Soft Sell - Soft Gaming, Hard Choices
So-called 'soft' gaming could be the way forward in key online marketsThursday, 19 February 2009
Soft Gaming, Hard Choices
Operators and marketers in Asia still face the problem of how to get their money
Even if soft online gaming avoids some of the legal pitfalls of 'hard' gaming, suppliers still face the issue of making sure they get paid by the players. In China and some other Asian markets, the local currency is non-convertible and credit and debit card use may not be widespread. Under those circumstances, even soft gaming providers may need to rely on agents to collect their cash.
Another issue in China is that many online soft gaming platforms aimed at Chinese consumers are actually domiciled within the country. This can make it hard for content owners outside China to be sure whether they are being paid fairly by the platform owners. It can also make it difficult for marketing affiliates driving traffic to the site to be sure they are being properly rewarded for their efforts.
"Affiliate marketing is thriving in China," says Nick Yang, President and Co-Founder of Kongzhong Corporation, a Beijing-based company listed on Nasdaq since 2004 and specialising in wireless value-added services and wireless Internet services.
"A lot of sites are making a living off the affiliate market. I have personally invested in many sites that purposely do business and make money from affiliates," Mr Yang told the Casino Affiliate Convention at The Venetian Macao.
He did however have stark warnings for newcomers to the market.
"Affiliate marketing in China is pretty dark. There's a lot of fraud. A lot of people get cheated—mostly in terms of not getting paid. A lot of [domestic] sites themselves are also doing fraud to try and get money from foreign affiliates or domestic affiliates," explains Mr Yang.
"It's a question of whether you can catch these guys who try to cheat you."
"The principle marketing method of affiliate programmes right now is the cost per click [CPC] model. No one does the CPM [cost per thousand] because it's too easily defrauded," suggests Mr Yang.
Beware the cheats
"Even with the CPC model it's still pretty hard to track down fraud, because you get a lot of traffic tricks. It appears it [the traffic] comes from real users, but it's actually a virus software that's opening up these locations, or something that's defrauding the system," he explains.
"More and more people are moving toward the cost per action model. For example with registration," he adds.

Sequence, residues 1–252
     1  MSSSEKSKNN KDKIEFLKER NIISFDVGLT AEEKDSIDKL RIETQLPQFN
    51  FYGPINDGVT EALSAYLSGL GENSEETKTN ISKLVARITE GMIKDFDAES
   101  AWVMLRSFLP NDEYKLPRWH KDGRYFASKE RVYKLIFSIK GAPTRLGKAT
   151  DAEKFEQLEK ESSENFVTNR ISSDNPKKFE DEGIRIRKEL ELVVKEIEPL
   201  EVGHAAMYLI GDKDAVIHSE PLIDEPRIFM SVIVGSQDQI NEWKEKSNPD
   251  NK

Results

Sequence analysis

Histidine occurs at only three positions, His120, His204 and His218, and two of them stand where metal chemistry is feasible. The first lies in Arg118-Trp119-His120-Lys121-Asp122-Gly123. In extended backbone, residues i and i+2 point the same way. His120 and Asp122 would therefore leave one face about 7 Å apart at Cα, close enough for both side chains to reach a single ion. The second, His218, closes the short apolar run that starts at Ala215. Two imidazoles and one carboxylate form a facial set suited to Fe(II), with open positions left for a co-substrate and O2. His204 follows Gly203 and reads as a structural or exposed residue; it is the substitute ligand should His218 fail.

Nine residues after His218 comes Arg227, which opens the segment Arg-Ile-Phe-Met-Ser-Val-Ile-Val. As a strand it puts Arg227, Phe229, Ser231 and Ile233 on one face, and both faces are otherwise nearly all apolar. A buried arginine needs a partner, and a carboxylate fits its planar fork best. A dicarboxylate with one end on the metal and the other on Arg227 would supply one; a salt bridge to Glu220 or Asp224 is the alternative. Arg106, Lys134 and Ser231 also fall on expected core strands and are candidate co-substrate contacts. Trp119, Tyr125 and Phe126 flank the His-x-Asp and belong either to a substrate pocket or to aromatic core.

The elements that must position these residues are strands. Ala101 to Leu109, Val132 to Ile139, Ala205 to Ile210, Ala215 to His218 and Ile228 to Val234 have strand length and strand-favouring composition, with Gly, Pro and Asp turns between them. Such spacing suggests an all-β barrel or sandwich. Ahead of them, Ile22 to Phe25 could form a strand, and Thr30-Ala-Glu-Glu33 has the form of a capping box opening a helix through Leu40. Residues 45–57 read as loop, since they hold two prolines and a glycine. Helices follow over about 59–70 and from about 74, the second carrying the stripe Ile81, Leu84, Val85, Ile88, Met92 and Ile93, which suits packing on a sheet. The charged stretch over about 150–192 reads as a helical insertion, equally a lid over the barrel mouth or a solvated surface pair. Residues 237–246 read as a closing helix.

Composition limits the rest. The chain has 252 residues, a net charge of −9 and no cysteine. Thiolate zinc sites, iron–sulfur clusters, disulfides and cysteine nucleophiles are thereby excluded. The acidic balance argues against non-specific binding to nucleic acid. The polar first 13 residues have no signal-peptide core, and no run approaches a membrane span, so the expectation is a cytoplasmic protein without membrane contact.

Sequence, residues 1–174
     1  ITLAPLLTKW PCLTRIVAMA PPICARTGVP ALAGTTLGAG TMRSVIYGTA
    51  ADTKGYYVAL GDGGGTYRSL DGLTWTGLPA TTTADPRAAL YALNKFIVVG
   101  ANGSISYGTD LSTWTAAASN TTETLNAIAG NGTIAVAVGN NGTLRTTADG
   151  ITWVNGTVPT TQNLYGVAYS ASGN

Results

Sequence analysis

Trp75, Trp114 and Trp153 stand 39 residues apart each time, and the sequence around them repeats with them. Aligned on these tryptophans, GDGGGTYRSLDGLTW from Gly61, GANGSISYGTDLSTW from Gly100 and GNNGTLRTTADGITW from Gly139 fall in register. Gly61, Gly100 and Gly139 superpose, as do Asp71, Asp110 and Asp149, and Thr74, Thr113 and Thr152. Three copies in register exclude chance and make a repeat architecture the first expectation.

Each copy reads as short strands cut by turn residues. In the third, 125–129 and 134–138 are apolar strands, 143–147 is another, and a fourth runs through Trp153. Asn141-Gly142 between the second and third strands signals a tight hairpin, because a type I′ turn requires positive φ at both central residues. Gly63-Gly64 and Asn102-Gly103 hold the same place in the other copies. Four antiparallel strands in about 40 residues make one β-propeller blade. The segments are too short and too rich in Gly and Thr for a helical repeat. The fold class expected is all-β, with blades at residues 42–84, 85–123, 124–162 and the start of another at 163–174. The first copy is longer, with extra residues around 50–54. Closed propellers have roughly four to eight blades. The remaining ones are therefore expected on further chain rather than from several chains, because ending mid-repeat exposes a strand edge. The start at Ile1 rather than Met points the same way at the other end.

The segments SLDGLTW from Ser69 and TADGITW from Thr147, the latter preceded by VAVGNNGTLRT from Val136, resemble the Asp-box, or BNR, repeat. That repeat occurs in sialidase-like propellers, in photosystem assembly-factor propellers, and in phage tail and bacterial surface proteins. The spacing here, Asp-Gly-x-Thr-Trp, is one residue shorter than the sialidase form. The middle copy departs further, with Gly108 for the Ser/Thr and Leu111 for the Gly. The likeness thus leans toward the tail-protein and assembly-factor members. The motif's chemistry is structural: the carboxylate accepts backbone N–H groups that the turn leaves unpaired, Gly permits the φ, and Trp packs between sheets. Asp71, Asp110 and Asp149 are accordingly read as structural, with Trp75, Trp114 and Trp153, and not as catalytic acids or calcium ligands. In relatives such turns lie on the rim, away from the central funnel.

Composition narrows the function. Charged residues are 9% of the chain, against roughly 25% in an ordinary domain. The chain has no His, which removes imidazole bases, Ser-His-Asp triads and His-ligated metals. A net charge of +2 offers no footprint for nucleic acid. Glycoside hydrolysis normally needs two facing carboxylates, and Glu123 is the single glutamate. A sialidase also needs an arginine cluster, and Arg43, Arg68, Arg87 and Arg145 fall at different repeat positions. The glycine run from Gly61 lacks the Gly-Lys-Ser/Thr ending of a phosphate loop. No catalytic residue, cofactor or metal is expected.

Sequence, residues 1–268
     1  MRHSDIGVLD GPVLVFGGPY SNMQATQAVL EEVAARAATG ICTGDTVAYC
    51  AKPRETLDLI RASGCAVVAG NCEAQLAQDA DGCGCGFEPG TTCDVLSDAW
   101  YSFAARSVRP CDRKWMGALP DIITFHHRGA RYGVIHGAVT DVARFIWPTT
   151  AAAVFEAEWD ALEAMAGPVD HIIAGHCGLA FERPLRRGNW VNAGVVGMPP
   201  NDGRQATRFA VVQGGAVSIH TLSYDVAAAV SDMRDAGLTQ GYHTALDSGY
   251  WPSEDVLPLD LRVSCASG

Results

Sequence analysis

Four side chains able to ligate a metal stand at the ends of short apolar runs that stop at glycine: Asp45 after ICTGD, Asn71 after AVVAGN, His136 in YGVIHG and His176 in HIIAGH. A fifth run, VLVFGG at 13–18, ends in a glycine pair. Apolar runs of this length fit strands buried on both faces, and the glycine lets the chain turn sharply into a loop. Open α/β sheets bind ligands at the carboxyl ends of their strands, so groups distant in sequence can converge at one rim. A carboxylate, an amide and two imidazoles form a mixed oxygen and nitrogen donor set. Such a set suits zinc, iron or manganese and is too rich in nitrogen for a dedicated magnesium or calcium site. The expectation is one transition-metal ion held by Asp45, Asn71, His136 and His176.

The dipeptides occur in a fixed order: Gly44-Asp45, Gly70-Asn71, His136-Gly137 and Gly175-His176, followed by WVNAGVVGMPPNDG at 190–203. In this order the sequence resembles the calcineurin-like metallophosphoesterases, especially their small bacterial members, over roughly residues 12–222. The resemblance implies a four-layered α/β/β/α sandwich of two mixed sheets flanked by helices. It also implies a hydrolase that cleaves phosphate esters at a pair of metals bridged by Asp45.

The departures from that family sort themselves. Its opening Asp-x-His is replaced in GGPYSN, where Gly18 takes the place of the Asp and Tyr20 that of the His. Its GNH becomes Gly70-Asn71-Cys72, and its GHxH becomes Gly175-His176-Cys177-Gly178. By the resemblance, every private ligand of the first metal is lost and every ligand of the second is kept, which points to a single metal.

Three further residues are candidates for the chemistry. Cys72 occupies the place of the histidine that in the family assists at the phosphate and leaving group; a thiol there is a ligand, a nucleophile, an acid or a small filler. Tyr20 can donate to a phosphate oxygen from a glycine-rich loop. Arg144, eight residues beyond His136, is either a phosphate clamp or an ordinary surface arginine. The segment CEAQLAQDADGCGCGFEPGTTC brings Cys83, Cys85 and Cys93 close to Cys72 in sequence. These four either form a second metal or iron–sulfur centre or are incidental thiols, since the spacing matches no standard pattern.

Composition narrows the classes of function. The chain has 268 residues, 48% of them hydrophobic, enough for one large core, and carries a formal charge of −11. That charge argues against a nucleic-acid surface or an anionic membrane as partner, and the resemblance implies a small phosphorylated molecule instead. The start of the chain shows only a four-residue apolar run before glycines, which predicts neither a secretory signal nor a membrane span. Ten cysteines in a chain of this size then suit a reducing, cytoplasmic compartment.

An important disadvantage with the cost per action system is that the costs are typically higher than CPC and there is still no guarantee of avoiding fraud says Mr Yang.
"For example, filling out a registration form or filling out a form—something that requires human action that you can track—even that has a lot of fraud.
"There is a huge disparity in wages among people in different parts of China. So these guys hire a bunch of people from a remote part of China, then put some money 'behind the bar' of an Internet café, then get the local people to download and fill out forms all day.
"When you track them, sure they're real users. But they're definitely not users that you want. These are guys who are earning a very low wage. They don't have the money to pay for services on your site. It's fraud," says Mr Yang.
The best solution and the one least vulnerable to abuse is probably the revenue sharing model, says Nick Yang.
"Right now a lot of people want to do the revenue sharing model. So if you bring in someone who pays for services on my site, I give you a cut. It's only this way that you can truly avoid someone defrauding the system."
Even the mighty search engine Baidu.com was publicly accused last November by China Central Television, the country's state-owned broadcaster, of bending the rules on its search engine results in favour of companies that had paid for adverts on its site.
On 17th November 2008, Baidu appeared to admit the claims, issuing an apology which stated: "We put too much effort in competing technically with Google, and in doing so overlooked our advertising system and its management."